Scientists discovered the first animal that doesn't need oxygen to live. It's changing the definition of what an animal can be

Stephen Atkinson, a senior research associate in microbiology is quoted for groundbreaking research contributions alongside microbiologist Jerri Bartholomew and collaborators. The team discovered a multicellular organism related to jellyfish and coral that is able to survive parasitically, stealing nutrients from salmon.

Cosmos Magazine -

A new class of cool blues

Chemist Mas Subramanian is now working to develop a new class of blue pigments using hibonite, a light blue mineral found in meterorites. The new pigments are more stable and environmentally friendly than the long-enduring Cobalt Blue.

Medical News Today -

Children's behavior linked to gut microbiome

A study by OSU microbiologist Thomas Sharpton has identified a correlation between gut microbiota and child development. The study found that behavioral issues and socioeconomic stress are often accompanied by variation in the microbiome in those children.

Gazette-Times -

OSU's Bob Mason untangles secrets of snake sex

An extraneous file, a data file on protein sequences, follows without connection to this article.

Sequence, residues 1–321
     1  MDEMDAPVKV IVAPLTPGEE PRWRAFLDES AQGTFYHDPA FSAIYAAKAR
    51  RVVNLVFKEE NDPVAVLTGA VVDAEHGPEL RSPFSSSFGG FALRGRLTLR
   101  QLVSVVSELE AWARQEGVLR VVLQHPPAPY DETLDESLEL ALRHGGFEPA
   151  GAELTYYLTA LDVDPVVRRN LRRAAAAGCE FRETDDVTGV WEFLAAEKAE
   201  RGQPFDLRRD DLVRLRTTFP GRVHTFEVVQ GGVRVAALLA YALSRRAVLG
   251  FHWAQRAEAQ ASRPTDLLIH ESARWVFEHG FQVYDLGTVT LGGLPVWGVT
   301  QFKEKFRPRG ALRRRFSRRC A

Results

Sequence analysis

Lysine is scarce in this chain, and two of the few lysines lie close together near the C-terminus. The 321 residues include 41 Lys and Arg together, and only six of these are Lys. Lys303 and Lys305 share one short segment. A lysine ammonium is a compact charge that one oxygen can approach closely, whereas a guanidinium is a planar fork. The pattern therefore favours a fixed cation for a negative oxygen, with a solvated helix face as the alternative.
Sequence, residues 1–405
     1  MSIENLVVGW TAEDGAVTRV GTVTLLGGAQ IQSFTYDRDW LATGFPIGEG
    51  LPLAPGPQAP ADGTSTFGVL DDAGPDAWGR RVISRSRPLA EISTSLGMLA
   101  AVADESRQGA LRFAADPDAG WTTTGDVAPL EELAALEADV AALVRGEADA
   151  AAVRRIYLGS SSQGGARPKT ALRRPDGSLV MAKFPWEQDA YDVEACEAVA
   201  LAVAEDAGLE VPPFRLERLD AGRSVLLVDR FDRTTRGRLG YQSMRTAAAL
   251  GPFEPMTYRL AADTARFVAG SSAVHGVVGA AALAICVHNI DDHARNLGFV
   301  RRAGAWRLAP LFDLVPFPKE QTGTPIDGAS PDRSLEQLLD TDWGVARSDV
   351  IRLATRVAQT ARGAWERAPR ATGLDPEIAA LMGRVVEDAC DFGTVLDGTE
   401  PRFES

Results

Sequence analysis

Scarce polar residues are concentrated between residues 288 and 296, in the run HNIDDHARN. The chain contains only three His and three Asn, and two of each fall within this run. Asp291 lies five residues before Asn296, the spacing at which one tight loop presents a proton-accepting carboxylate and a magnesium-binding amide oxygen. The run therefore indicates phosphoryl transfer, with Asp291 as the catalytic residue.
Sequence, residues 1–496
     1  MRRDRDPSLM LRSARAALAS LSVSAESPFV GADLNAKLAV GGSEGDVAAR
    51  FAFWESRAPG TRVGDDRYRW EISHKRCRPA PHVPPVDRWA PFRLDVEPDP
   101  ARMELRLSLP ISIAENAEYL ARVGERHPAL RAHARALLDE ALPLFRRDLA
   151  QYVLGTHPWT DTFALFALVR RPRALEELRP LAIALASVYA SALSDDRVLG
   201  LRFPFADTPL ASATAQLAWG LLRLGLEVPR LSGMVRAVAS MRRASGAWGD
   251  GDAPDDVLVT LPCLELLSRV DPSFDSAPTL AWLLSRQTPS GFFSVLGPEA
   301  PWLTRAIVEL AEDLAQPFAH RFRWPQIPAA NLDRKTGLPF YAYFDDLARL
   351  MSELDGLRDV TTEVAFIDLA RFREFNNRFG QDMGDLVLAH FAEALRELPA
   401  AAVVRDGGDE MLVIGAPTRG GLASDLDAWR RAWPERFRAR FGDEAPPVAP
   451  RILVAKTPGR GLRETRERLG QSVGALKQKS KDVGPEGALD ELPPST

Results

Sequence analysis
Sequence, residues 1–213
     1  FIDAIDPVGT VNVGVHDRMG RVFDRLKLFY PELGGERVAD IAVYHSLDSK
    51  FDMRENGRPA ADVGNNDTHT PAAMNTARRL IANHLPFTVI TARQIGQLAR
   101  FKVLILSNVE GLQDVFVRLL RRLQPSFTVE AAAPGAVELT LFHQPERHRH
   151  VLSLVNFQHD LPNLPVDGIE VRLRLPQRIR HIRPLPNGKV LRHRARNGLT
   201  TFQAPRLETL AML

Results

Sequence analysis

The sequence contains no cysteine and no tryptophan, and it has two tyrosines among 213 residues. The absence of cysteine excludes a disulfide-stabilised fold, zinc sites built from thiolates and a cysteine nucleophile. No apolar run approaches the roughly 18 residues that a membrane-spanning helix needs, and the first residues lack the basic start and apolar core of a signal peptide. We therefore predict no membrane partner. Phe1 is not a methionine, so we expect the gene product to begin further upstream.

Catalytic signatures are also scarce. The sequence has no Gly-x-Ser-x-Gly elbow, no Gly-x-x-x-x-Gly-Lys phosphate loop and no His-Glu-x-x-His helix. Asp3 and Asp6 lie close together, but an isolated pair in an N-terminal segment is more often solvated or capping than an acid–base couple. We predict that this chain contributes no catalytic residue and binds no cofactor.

Article features Bob Mason - OSU's leading expert in reproductive biology - on his journey to becoming the first scientist to synthesize the reptile pheromone. It turns out, snake pheromones can explain a lot - from the secrets of the love lives of snakes, to the impacts of climate change.

The Register-Guard -

OSU scientists replace mice genes to study vitamin D's effects on infections

Biochemist Adrain Gombart has conducted a study that tests the effect of vitamin D to cure infections. His team used mice as a vessel for the human gene, which provides a new model for future study of vitamin D treatment.

Nature -

Scrubbing carbon dioxide from smokestacks for cleaner industrial emissions

An international team co-led by chemist Kyriakos Stylianou has uncovered a better way to scrub carbon dioxide from smokestack emissions.

Media contacts

Journalists are encouraged to contact OSU's Department of News and Research Communications at 541-737-0787 for assistance. Media personnel seeking expert sources for their stories can contact OSU news editor Sean Nealon at 541-737-0787 or

For more specific content, science news writer Steve Lundeberg is also available at 541-737-4039, or

Recent research, by topic

Collectively, we plumb a vast breadth of research topics, from aging to zooplankton, from supernovae to superbugs. We pursue scientific research wherever our curiosity leads.